Are you sure zero-sum games are maximally misaligned? Consider the joint payoff matrix

P=[(1,1)(1,1)(1,1)(1,1)]∼[(0,0)(0,0)(0,0)(0,0)]

This matrix doesn't appear minimally aligned to me; instead, it seems maximally aligned. It might be a trivial case but has to be accounted for in the analysis, as it's simultaneously a constant sum game and a symmetric/common payoff game.

I suppose alignment should be understood in terms of payoff sums. Let s be the (random!) strategy of player 1 and r be the strategy of player 2, and A and B be their individual payoff matrices. (So that the expected payoff of player 1 is sTAr.) Then they are aligned at s,r if the sum of expected payoffs sTAr+sTBr is "large" and misaligned if it is "small", where "large" and "small" need to be quantified, perhaps in relation to the maximal individual payoff, or perhaps something else.

For the matrix P above (with 1s), every strategy will yield the same large sum compared to the maximal individual payoff, and appears to be maximally aligned. In the case of, say

Q=[(1,−1)(−1,1)(−1,1)(1,−1)],

any strategy will yield a sum that is minimally mall (0) compared to the maximal individual payoff (1), which isn't minimally small, and it is minimally aligned.

(Comparing the sum of payoffs to the maximal individual may be wrong though, as it's not invariant under affine transformations. For instance, the sum of payoffs in the (0,0) representation of P is 0 and the individual payoffs are 0...)

Are you sure zero-sum games are maximally misaligned? Consider the joint payoff matrix

P=[(1,1)(1,1)(1,1)(1,1)]∼[(0,0)(0,0)(0,0)(0,0)]This matrix doesn't appear minimally aligned to me; instead, it seems maximally aligned. It might be a trivial case but has to be accounted for in the analysis, as it's simultaneously a constant sum game and a symmetric/common payoff game.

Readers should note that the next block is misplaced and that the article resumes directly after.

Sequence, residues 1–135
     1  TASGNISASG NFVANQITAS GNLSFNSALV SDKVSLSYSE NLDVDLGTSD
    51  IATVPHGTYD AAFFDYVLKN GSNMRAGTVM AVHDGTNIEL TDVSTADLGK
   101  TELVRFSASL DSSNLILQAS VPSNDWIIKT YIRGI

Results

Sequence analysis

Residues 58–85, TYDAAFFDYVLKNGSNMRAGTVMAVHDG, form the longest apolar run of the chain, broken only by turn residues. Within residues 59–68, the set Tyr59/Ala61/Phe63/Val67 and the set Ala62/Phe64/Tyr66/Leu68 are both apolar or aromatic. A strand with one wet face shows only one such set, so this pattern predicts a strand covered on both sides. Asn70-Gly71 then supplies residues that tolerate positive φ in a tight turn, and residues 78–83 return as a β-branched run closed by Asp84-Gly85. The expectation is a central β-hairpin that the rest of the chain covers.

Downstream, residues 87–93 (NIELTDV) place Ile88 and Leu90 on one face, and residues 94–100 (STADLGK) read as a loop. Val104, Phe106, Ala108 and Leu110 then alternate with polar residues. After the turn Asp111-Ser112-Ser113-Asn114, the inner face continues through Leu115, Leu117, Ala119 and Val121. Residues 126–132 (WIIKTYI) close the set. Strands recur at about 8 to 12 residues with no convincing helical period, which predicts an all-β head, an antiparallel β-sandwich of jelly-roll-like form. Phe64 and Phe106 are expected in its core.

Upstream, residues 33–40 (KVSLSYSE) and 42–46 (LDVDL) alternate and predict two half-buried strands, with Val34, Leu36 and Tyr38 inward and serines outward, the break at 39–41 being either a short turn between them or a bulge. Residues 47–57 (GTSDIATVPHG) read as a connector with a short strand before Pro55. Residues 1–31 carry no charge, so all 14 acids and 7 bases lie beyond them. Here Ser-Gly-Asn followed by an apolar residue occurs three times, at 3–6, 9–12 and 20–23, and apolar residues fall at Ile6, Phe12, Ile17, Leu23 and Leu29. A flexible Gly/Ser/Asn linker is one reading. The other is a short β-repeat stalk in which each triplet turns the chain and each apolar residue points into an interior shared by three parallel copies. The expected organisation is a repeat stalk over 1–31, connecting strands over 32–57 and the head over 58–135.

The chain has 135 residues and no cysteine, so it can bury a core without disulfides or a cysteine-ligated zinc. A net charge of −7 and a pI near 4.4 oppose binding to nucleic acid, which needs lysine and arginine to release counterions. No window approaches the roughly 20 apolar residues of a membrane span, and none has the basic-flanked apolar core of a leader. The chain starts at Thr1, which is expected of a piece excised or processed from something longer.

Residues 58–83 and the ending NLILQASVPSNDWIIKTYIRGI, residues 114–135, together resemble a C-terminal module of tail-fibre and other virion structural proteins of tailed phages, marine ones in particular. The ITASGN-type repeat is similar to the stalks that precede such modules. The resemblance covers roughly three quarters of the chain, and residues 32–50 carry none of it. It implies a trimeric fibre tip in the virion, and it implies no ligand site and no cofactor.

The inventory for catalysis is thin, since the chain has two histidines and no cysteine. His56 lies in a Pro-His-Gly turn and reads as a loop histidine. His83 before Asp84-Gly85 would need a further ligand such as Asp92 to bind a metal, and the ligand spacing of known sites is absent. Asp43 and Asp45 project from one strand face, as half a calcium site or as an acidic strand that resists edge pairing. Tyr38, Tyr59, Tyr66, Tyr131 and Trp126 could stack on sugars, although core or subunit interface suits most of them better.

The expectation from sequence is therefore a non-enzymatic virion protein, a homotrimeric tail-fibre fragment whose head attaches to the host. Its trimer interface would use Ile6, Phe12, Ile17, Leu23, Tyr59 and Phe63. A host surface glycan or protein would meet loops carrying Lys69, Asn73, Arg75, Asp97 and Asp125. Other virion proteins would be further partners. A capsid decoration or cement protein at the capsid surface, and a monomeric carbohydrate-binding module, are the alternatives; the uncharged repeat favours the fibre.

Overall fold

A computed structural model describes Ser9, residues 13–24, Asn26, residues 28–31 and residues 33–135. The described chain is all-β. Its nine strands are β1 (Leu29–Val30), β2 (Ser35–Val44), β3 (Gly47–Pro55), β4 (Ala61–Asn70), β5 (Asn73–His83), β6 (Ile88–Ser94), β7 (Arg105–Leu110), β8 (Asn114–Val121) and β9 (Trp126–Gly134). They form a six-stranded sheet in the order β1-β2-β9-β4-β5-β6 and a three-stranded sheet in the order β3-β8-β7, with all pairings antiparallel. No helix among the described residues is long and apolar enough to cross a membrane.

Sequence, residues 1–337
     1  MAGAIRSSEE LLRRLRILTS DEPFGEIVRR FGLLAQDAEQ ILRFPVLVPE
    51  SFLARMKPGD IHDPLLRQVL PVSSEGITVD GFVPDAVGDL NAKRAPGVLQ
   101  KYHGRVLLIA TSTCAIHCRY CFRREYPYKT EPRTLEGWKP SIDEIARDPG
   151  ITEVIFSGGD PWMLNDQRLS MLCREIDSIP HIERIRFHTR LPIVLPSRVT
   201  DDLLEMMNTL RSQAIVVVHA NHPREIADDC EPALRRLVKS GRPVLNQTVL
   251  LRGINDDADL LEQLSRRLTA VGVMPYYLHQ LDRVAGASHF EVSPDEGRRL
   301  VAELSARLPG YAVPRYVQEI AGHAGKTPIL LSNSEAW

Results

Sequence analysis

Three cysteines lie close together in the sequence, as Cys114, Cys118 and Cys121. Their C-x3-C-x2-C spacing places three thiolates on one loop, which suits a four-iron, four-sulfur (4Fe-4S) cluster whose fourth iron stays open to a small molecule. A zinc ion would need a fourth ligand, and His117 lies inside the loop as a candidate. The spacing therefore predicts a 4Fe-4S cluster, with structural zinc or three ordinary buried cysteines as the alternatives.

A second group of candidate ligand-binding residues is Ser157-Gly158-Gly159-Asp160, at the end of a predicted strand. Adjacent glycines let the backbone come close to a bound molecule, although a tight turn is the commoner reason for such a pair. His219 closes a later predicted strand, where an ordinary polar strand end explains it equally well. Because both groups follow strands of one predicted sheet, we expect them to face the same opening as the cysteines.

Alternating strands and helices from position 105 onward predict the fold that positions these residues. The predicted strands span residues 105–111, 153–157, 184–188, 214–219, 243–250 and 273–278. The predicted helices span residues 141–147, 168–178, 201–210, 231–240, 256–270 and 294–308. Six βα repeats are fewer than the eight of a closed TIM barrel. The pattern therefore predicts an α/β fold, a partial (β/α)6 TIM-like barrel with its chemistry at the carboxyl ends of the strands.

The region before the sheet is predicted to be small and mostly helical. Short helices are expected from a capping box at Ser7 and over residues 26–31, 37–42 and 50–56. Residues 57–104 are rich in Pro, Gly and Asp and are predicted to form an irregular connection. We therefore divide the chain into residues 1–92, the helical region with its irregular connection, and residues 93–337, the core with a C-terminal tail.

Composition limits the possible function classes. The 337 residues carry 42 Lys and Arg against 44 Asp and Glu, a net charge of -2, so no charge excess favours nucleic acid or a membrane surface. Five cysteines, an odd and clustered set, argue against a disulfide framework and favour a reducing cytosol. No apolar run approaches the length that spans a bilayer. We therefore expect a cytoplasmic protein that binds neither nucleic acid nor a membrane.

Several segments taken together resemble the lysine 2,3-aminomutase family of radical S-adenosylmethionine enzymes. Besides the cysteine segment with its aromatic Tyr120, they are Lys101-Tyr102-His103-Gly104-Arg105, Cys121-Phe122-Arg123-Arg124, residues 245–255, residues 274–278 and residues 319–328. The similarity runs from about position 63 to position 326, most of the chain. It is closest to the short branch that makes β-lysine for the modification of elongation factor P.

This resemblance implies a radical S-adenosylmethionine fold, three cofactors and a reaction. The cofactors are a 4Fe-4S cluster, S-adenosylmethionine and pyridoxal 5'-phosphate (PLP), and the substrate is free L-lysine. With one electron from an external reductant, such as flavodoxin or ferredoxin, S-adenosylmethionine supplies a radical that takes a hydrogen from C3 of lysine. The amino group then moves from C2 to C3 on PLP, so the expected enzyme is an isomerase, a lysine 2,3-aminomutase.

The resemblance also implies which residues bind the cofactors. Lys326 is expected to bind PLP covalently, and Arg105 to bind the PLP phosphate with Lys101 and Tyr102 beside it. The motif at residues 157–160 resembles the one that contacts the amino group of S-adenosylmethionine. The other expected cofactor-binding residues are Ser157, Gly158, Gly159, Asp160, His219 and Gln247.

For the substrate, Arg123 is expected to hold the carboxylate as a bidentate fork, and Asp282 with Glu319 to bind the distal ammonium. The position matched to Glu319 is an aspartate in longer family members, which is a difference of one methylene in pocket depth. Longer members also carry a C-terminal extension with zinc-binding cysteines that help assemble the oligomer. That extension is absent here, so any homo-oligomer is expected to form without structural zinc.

Q=[(1,−1)(−1,1)(−1,1)(1,−1)],I suppose alignment should be understood in terms of payoff sums. Let s be the (random!) strategy of player 1 and r be the strategy of player 2, and A and B be their individual payoff matrices. (So that the expected payoff of player 1 is sTAr.) Then they are aligned at s,r if the sum of expected payoffs sTAr+sTBr is "large" and misaligned if it is "small", where "large" and "small" need to be quantified, perhaps in relation to the maximal individual payoff, or perhaps something else.

For the matrix P above (with 1s), every strategy will yield the same large sum compared to the maximal individual payoff, and appears to be maximally aligned. In the case of, say

any strategy will yield a sum that is minimally mall (0) compared to the maximal individual payoff (1), which isn't minimally small, and it is minimally aligned.

(Comparing the sum of payoffs to the maximal individual may be wrong though, as it's not invariant under affine transformations. For instance, the sum of payoffs in the (0,0) representation of P is 0 and the individual payoffs are 0...)